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All Gall Is Divided

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"An antidote to a world gone mad for bedside affirmation"--Washington Post.

E. M. Cioran has been called the last worthy disciple of Nietzsche and "a sort of final philosopher of the Western world" who "combines the compassion of poetry and the audacity of cosmic clowning" (Washington Post).

All Gall Is Divided is the second book Cioran published in French after moving from his native Romania and establishing himself in Paris. It revealed him as an aphorist in a long tradition descending from the ancient Greeks through La Rochefoucault but with a gift for lacerating, subversively off-kilter insights, a twentieth-century nose for the absurdities of the human condition, and what Baudelaire called "spleen."

The aphorisms collected here address themes from the atrophy of utterance and the condition of the West to the abyss, solitude, time, religion, music, the vitality of love, history, and the void. The award-winning poet and translator Richard Howard has characterized them as "manic humor, howls of pain, and a vestige of tears," but, as he notes too, in these expressions of the philosopher's existential estrangement, there glows "a certain sweetness for all of what Cioran calls 'amertume.'"

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9781948924238
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Amateur

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A radical manifesto about doing what you love

Andy Merrifield offers a passionate tribute to the revolutionary spirit of the amateur--a figure who thinks outside the box, takes risks, dreams the impossible dream, seeks independence, and carves out a new world. Merrifield celebrates such square pegs as Charles Baudelaire, Fyodor Dostoevsky, Edward Said, Guy Debord, Hannah Arendt, and Jane Jacobs, each of whom shows us a path of unconventional wisdom and freedom.

The Amateur advocates urgently for the liberated life, one that creates the space to question authority.

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9781786631077
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Ancient Greek Philosophers

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"Philosophy begins in wonder."
--Plato

Have you ever wondered about the development of civilization? What topics were discussed in the days of Ancient Greece? This collection of thoughts from Plato, Aristotle, and other masters of philosophy will lead your mind on a journey of enlightened exploration into ethics, morality, law, medicine, and more. With an introduction by a distinguished scholar of classic literature, this beautiful Canterbury Classics bonded-leather volume with gilded edges and specially designed endpapers is sure to be a favorite keepsake edition in your library.

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9781684125531
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Aristotle's Way: How Ancient Wisdom Can Change Your Life

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From renowned classicist Edith Hall, ARISTOTLE'S WAY is an examination of one of history's greatest philosophers, showing us how to lead happy, fulfilled, and meaningful lives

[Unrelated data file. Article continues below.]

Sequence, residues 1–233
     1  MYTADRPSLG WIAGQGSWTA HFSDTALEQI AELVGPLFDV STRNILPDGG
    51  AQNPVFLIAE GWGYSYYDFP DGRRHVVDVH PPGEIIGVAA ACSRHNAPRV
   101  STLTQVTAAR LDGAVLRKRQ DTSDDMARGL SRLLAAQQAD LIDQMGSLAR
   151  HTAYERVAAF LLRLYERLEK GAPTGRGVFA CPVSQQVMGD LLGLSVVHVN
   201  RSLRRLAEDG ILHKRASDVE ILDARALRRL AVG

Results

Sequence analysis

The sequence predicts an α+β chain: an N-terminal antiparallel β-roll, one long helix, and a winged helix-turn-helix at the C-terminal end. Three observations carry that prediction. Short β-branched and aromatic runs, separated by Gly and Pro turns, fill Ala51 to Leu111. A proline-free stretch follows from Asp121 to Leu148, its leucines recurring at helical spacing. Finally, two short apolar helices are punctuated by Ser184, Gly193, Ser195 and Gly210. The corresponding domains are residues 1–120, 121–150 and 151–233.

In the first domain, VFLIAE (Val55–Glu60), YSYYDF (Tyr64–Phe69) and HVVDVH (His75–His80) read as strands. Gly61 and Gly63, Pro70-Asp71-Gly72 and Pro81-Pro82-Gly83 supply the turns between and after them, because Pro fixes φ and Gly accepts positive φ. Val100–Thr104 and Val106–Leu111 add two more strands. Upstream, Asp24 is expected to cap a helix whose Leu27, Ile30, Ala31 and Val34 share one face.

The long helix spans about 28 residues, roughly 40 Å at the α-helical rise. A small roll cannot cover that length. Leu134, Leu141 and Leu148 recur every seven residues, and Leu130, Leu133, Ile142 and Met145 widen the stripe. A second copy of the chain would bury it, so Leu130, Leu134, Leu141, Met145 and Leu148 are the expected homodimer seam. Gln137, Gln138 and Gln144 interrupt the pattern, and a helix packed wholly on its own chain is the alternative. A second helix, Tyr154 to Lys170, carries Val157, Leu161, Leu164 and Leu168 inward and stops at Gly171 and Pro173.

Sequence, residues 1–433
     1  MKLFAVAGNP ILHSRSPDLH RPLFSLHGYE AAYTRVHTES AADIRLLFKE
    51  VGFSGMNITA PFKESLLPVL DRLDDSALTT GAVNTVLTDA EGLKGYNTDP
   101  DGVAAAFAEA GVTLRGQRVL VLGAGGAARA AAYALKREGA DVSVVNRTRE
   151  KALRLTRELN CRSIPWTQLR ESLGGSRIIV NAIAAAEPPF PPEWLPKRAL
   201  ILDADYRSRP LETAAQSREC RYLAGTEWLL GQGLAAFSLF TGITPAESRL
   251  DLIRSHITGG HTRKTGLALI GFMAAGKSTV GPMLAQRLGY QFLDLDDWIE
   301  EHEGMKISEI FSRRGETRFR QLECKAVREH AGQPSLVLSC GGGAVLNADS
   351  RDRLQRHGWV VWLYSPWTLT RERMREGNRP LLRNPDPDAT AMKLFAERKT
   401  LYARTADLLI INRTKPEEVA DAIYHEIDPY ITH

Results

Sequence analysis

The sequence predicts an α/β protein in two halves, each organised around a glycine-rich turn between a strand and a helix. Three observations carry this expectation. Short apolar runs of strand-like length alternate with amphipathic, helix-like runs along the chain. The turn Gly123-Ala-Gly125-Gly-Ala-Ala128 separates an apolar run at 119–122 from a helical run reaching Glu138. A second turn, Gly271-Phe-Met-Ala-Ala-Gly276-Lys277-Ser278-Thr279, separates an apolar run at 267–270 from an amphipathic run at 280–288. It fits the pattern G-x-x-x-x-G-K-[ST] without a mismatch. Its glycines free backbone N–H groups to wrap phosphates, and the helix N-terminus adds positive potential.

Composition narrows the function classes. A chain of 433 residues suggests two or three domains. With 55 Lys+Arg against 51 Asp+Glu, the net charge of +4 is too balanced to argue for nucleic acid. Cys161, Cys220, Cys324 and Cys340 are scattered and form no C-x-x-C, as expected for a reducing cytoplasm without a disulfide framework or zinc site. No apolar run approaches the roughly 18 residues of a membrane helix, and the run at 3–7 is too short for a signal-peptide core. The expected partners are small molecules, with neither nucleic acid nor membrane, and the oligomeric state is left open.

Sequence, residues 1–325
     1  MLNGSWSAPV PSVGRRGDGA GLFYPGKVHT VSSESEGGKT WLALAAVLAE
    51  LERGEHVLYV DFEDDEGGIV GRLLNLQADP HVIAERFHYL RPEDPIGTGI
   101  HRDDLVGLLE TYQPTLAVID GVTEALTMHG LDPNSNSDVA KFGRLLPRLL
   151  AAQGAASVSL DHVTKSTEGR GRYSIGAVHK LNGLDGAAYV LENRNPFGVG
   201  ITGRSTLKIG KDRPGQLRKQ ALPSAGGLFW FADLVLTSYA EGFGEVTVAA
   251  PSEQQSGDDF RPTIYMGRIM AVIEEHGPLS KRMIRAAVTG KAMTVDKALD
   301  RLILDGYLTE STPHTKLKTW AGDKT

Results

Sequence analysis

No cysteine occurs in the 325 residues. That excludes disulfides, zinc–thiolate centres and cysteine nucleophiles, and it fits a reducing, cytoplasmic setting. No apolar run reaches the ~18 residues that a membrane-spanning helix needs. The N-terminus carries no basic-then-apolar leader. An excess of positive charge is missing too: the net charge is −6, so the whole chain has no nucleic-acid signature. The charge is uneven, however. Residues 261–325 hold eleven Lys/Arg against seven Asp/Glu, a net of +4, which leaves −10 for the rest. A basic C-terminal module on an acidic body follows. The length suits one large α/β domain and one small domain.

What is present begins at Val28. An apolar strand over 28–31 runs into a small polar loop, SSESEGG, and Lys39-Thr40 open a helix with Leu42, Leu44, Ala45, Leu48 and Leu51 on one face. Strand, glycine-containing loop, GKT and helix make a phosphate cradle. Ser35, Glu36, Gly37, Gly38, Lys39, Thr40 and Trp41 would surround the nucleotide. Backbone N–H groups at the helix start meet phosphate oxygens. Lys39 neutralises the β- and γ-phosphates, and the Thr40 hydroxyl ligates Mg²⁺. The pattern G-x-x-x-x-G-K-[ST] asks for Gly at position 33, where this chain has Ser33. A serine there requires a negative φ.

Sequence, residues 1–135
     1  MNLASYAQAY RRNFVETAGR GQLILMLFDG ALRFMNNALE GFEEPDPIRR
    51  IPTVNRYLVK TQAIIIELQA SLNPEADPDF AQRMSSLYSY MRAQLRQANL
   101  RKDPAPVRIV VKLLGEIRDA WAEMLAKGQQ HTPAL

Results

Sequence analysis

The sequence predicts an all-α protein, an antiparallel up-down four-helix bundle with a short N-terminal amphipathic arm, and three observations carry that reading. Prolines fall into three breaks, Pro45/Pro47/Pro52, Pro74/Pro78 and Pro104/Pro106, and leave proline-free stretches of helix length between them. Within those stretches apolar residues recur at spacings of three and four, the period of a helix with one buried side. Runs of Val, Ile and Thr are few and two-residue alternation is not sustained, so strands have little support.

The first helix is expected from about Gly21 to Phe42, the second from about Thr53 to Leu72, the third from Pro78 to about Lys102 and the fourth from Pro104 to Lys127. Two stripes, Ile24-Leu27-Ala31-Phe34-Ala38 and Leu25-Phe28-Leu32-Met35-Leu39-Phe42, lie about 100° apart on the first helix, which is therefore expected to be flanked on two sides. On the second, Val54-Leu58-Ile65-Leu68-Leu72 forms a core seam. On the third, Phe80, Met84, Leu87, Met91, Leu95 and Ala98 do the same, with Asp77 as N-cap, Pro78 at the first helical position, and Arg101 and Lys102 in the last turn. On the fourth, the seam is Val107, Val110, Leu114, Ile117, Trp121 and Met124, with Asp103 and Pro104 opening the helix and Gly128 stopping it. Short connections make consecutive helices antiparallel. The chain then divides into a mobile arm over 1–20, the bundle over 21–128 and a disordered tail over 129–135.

Two thousand years ago, Aristotle wrote the most important book on happiness. The first philosopher to inquire into subjective happiness, he understood its essence better and more clearly than anyone since. Most importantly, Aristotle understood happiness as available to the vast majority of us, but only, crucially, if we decide to apply ourselves to its creation. According to Aristotle, happiness is not about well-being but instead is a lasting state of contentment, which should be the ultimate goal of human life. We become happy through finding a purpose, realizing our potential, and modifying our behavior to become the best version of ourselves. With these objectives in mind, Aristotle developed a humane program for becoming a happy person. Here, Professor Edith Hall shows how his timeless teachings are exactly what we need today to stride purposefully towards a life well lived. As Hall writes, "If you believe that the goal of human life is to maximize happiness, then you are a budding Aristotelian." In expert yet vibrant modern language, Hall lays out the crux of Aristotle's thinking, mixing affecting autobiographical anecdotes with a deep wealth of classical learning. For Hall, whose own life has been greatly improved by her understanding of Aristotle, this is an intensely personal subject. She distills his ancient wisdom into ten practical and universal lessons to help us confront life's difficult and crucial moments, summarizing a lifetime of the most rarefied and brilliant scholarship.

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9780735220829
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BE LIKE THE FOX

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Since the publication of The Prince five centuries ago, Machiavelli has been associated with political amorality. But that characterization is unfair. In Be Like the Fox, Erica Benner sets the record straight: far from the ruthless "Machiavellian" henchman that people think he was, Machiavelli emerges here as a profound ethical thinker who fought to uphold high moral standards and restore the democratic freedoms of his beloved Florence.